Post-election, both Democrats and Republicans have softened their rhetoric,… (Brendan Hoffman / Getty…)
In a sign that political leaders are willing to heed President Obama’s calls for bipartisan cooperation in the wake of his reelection, both Republican House Speaker John A. Boehner and Democratic Senate Majority Leader Harry Reid softened their partisan tones on Wednesday. In separate press conferences three hours apart, they pledged to work together to get the country on a better financial footing.
In the hours after his victory speech in Chicago, Obama had called the men to discuss the so-called “fiscal cliff,” the morass of expiring tax cuts, scheduled budget cuts and a rising debt.
“American people want us to work together,” Reid told reporters around noon. “Republicans want us to work together. Democrats want us to work together. They want a balanced approach to everything, but especially this situation we have dealing with this huge deficit, and taxes that are part of that.”
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He added, “There was a message sent to us by the American people based on the campaign, and that is people making all this money have to contribute a little bit more.”
Exit polling, he said, revealed that “the vast majority of the American people support that, including rich people.”
Boehner for his part, seemed to signal that Republicans are willing to rethink their approach to negotiating with the president and his party.
“I'm not suggesting we compromise on our principles,” Boehner said in the late afternoon. “But I am suggesting that we commit ourselves to creating an atmosphere where we can see common ground where it exists and seize it.”
He added that “for the purposes of forging a bipartisan agreement that begins to solve the problem, we're willing to accept new revenue under the right conditions,” stressing that Republicans preferred spending cuts and reforming the tax code rather than raising tax rates on the wealthiest Americans.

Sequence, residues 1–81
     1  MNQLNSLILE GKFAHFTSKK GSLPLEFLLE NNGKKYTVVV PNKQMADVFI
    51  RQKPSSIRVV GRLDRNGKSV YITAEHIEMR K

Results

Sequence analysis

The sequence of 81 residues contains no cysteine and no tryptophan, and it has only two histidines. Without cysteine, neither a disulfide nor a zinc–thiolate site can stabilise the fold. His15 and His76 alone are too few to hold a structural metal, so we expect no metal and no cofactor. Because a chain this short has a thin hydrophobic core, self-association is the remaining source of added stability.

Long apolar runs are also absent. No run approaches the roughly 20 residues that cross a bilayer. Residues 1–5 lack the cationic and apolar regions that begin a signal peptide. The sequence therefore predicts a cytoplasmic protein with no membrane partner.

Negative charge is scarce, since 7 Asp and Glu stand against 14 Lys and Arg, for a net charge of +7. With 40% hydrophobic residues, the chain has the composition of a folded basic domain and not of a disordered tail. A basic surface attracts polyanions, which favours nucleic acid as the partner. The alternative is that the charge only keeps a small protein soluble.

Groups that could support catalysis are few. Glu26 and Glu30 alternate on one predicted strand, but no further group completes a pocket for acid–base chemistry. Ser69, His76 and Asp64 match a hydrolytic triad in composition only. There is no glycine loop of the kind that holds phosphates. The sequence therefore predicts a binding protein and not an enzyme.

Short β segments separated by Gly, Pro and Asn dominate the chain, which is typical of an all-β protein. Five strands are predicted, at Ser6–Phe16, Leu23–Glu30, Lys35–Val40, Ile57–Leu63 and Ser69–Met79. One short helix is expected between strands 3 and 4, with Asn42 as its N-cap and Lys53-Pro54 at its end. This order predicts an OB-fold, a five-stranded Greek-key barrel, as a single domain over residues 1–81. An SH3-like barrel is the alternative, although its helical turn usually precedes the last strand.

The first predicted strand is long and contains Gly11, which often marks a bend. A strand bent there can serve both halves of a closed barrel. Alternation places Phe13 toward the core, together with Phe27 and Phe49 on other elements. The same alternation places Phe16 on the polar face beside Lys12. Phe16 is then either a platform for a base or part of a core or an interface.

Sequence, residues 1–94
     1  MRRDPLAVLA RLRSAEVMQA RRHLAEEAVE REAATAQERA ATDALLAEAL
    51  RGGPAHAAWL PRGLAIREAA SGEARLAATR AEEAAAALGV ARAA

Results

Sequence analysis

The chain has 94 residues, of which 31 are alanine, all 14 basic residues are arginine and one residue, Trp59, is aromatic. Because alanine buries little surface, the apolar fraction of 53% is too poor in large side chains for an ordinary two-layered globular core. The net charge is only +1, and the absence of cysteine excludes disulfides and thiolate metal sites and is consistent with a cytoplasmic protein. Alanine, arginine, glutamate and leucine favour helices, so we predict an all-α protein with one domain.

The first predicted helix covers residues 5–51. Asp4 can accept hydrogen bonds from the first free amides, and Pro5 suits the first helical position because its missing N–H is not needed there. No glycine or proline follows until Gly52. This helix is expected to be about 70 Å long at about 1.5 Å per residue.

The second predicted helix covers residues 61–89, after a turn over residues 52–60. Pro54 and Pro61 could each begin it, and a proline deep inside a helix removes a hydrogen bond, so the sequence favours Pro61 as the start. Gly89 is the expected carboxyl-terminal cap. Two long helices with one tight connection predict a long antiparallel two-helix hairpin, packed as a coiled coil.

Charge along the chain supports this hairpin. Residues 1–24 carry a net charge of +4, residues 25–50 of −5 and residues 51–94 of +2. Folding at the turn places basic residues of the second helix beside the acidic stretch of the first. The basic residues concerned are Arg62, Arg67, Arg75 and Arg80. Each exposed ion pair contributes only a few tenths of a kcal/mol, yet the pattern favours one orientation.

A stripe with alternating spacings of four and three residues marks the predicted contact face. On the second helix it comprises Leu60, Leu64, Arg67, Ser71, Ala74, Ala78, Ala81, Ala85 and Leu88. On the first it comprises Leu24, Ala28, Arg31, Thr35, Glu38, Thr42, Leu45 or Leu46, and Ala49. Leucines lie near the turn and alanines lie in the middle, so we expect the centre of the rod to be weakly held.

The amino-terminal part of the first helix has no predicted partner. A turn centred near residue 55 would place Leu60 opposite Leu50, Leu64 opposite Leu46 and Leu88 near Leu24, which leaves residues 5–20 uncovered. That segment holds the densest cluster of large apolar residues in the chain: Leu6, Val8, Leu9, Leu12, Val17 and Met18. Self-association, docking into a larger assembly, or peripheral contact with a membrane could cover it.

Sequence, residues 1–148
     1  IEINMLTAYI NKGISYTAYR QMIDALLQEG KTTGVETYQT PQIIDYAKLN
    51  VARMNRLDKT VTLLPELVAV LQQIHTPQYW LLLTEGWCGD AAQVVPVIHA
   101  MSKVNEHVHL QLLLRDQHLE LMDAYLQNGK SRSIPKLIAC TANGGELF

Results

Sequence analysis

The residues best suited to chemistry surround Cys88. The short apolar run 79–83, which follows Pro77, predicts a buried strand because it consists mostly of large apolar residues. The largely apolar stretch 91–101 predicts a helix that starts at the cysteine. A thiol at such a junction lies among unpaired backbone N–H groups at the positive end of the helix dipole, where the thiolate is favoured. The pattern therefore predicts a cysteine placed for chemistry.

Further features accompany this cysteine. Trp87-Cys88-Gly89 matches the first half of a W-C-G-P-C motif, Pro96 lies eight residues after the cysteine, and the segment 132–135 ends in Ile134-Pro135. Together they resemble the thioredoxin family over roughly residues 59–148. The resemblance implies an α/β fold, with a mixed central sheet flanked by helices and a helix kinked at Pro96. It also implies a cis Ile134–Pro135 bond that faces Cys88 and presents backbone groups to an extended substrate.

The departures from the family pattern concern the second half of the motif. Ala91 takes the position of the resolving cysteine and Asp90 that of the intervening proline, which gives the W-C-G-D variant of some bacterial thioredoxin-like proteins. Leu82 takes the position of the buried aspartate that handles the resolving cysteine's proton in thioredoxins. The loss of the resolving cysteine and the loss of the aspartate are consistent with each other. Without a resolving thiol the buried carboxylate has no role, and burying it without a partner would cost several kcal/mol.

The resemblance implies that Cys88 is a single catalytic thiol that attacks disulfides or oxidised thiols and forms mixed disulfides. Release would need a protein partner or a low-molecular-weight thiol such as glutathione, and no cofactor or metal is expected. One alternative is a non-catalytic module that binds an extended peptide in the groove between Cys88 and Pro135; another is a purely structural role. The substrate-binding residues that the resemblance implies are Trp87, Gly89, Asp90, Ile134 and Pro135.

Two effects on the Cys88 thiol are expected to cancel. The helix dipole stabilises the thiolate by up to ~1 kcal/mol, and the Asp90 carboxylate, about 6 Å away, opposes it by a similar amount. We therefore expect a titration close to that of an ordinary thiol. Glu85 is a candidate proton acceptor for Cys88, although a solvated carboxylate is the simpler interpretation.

As Obama reached out to the legislative leaders — he also spoke with House Minority Leader Nancy Pelosi and Senate Minority Leader Mitch McConnell — the Republican Party faced a reckoning about its identity.
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Republicans began to grapple with the party’s future, and former Massachusetts Gov. Mitt Romney began the slow fade of a failed nominee, meeting with staffers at his Boston headquarters, presumably to thank them and wish them well.
Shortly after his arrival in the late afternoon, his campaign theme song, Kid Rock’s “Born Free,” could be heard by reporters on the sidewalk outside.
Cheers could be heard at the beginning and the end of each speaker’s remarks. Among the speakers was Stuart Stevens, Romney’s chief strategist and ad maker.
Two hours later, at 6 p.m., Romney and his wife, Ann, left in a Silver Saab, driven by their eldest son, Tagg. The former nominee’s Secret Service protection was expected to end Wednesday.
Despite failing to win back the presidency, Republicans saw some bright spots in the election. The party kept control of the House. (Despite its hopes for much of the election cycle, the GOP did not wrest control of the Senate from Democrats. Montana incumbent Jon Tester was declared the victor over Republican Denny Rehberg on Wednesday morning, saving for Democrats one of Republicans’ biggest pickup hopes.)
With Romney vanquished, the party’s putative leaders are its top legislators, Boehner, McConnell and House Majority Leader Eric Cantor.
But Romney’s running mate, Rep. Paul Ryan, often touted as the ideological leader of the party’s conservative wing, will have solidified his importance as the GOP grapples with its ideological future, as well as with the demographic changes that contributed to its failure to recapture the White House.
Meanwhile, nine counties in Florida were still counting ballots late Wednesday afternoon.
The state whose dysfunctional voting methods traumatized the nation 12 years ago is still up in the air.
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Instead of butterfly ballots and hanging chads, the problem appears to have been caused by a long ballot, high turnout and some mechanical failures.
Even the president, in his victory speech in Chicago, acknowledged the problem: “I want to thank every American who participated in this election, whether you voted for the very first time or waited in line for a very long time — by the way, we have to fix that.”
The president’s victory may not have packed the same emotional punch as his historic 2008 win as the first African American to win the presidency. But early Wednesday morning, as he stood on a Chicago stage to address the nation, he seemed to reconjure the conciliatory, high-minded politician the country first got to know four years ago.